Forward bias GS with ~5 V. DS in forward bias should measure very low ohms. In reverse bias, it will still act like a diode.
 The usual failure mode: GS short AND DS short. In other words, everything connected together.

 (From: Richard Torrens (4qd@argonet.co.uk).)

 A lot of common multimeters have a diode range: you can use this to measure a MOSFET out of circuit and get a good idea of whether it is OK. Meter negative on the source, you should get no reading (open circuit) on the drain. Not on the gate but if you measure the drain AFTER measuring the gate you will find it conducts. A finger between source and gate will bleed away the charge and the MOSFET stops conducting.

 You really need a 'scope to check the drive circuit. What it does will depend on the circuit configuration, whether there is current limiting etc.

 (From: E. Wolsner (interser@algonet.se).)

 My way of testing a power MOSFET is indeed simple and normally sufficient:

 One ohmmeter is connected to the drain and the source, measuring the resistance between drain and source, which should be very high. Another ohmmeter is connected between gate and source. This ohm-meter should have a high resistance capability (maybe 20 M ohms) and thus have a relatively high test voltage (more than 5 volts). Now this voltage, when connected with the proper polarity, will turn the mosfet on, which will be indicated by the first ohm-meter. It will show zero resistance. To turn the transistor off, you reverse the gate-source voltage, and the drain-source ohm-meter will again indicate high resistance.

 (Portions from: Egon Wolsner (interser@algonet.se).)

 The multimeter must be able to provide at least 5 volts output on the resistance measuring range (this usually means that a DMM will not work). If it does, here is the procedure:

 First you measure the resistance between the drain and source terminals, it should be infinity. Then connect the plus to the gate and the minus to the source pin. That should turn the MOSFET on. Then you measure the resistance between the drain and source pins, which should verify that the resistance is indeed near zero. (The gate capacitance will hold the device in the on-state long enough for this test.) Turn the mosfet off by shorting the gate and source pins (for a n-channel MOSFET)

 (From: Bruce (reglarnavy@aol.com).)

 You can get a pretty good idea about the condition of a MOSFET with some quick & simple bench tests. The first thing you can do with a meter is measure the parasitic substrate diode that connects the drain to the source. In an NMOS part, this diode's cathode will be at the drain, and the anode at the source. It will meter out similar to any conventional diode in both fwd / reverse directions. You can see this diode in the schematic representation of the FET in some databooks and a few schematics. The FET should show infinite resistance, gate - source and gate - drain. If it does not, then the gate oxide may be blown.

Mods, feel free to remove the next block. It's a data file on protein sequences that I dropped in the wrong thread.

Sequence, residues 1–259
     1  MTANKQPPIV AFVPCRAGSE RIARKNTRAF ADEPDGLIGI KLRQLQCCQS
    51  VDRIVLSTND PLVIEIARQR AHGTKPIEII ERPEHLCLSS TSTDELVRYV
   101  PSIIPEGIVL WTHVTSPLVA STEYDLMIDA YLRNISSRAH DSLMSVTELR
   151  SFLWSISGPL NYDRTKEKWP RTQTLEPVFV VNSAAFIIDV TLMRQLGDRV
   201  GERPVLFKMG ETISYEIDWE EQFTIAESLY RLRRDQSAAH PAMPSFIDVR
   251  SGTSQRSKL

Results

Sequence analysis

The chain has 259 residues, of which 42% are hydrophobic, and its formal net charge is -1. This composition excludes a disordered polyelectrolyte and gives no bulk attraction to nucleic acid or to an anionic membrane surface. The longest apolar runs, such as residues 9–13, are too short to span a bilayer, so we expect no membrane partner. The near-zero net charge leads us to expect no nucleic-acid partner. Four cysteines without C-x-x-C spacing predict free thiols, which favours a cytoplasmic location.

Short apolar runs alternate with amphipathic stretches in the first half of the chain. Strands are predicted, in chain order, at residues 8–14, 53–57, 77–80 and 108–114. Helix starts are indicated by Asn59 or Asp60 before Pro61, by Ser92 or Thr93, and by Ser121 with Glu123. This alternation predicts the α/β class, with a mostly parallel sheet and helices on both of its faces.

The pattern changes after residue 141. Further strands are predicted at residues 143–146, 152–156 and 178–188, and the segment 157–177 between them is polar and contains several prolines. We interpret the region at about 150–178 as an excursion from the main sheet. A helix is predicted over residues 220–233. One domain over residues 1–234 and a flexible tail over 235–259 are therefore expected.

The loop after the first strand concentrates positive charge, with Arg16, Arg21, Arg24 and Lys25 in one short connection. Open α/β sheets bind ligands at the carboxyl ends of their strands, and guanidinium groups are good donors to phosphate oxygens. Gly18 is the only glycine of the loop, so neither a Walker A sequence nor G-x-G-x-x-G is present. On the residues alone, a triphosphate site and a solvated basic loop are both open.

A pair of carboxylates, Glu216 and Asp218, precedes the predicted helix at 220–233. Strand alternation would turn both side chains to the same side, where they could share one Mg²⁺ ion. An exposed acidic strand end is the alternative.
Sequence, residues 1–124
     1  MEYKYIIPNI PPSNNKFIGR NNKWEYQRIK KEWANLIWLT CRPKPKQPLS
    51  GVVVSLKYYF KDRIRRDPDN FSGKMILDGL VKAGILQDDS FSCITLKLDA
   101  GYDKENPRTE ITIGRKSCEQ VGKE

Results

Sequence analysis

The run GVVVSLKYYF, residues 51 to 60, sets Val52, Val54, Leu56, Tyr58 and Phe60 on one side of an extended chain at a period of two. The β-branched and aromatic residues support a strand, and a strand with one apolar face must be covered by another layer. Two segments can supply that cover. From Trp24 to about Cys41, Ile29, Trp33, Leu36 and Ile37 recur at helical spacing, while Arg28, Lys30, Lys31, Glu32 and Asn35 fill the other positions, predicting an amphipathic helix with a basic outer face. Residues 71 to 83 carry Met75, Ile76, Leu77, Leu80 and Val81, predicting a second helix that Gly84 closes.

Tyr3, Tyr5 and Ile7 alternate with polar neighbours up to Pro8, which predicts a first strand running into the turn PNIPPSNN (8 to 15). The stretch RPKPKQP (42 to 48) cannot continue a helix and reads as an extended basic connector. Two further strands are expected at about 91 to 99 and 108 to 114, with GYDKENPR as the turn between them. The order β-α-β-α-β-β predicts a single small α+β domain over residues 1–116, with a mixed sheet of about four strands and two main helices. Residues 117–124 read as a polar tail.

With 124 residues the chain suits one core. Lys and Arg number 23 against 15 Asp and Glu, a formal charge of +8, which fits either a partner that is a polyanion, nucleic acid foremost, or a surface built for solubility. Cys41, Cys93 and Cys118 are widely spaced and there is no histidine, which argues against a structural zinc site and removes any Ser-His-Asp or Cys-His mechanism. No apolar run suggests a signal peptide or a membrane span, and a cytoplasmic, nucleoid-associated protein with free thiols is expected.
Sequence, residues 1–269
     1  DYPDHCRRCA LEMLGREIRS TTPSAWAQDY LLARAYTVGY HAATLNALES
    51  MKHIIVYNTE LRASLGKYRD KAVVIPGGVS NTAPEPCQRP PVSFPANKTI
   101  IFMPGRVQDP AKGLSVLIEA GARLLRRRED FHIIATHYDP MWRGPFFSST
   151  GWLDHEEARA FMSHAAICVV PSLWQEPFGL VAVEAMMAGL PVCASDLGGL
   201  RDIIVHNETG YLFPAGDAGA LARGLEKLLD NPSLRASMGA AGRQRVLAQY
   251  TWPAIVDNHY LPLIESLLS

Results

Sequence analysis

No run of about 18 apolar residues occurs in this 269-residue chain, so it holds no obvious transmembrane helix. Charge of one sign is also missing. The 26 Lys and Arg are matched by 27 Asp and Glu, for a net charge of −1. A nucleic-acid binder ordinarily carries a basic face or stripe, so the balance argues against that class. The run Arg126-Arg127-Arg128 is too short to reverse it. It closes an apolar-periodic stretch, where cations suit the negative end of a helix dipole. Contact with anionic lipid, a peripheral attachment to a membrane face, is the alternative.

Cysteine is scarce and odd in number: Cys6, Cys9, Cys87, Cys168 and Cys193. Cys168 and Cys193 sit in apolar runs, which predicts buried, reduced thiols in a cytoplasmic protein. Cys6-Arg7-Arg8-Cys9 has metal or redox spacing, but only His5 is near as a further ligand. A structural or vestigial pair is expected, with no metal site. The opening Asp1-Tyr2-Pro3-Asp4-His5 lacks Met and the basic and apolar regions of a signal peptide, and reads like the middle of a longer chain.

A second simple test can be done with a meter and a 9 V battery. First, short the gate to the source to discharge any stored charge there. Then put your meter on ohms and connect it across the drain - source. It should measure as an open. Briefly connect the 9 V across the gate (+) to source (-) , again, NMOS polarities, and the meter resistance should fall to a very low resistance, on the order of an ohm or less. Removing the battery will not change the reading, because in a good FET, Ciss will remain charged for a long time and keep the FET on. Most FETs come on at Vgs=2 volts or so.

 If these two tests work, then the FET is off to a good start. Substituting a power supply and a proper load resistor for the meter, and a variable voltage (a pot across the 9v will work) for the Vgs supply, in the aforementioned test, will obviously be a more realistic test, and will also let you measure Vds, Id, etc.

 BEWARE ESD WITH FETS! Wear a wrist strap, keep the parts away from insulators like plastics, and make sure your soldering iron tips are grounded. If you do not have any of the black ESD foam to keep your parts in, then look around for an anti-static bag that once may have contained a computer board, SIMMs, etc.




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Testing IGBT
 Basic testing IGBTs (Insulated Gate Bipolar Transistors) should be similar to an enhancement mode N-channel MOSFET except that the threshold voltage may be larger than a typical MOSFET (e.g., 8 V instead of 4 V).

-Check for shorts with an ohmmeter.
-Put a current limited supply across C-E with an ammeter in series.
-Apply at least 10 V G-E. The transistor should turn on.
-Ground the gate. The transistor should turn off.

 A curve tracer should be able to be configured for IGBT testing to determine more complete behavior.
« Ostatnia zmiana: Sierpień 04, 2011, 11:44:04 wysłane przez markcomp » Zapisane

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« Odpowiedz #3 : Sierpień 04, 2011, 11:46:21 »

http://www.firstwatt.com/pdf/art_mos_test.pdf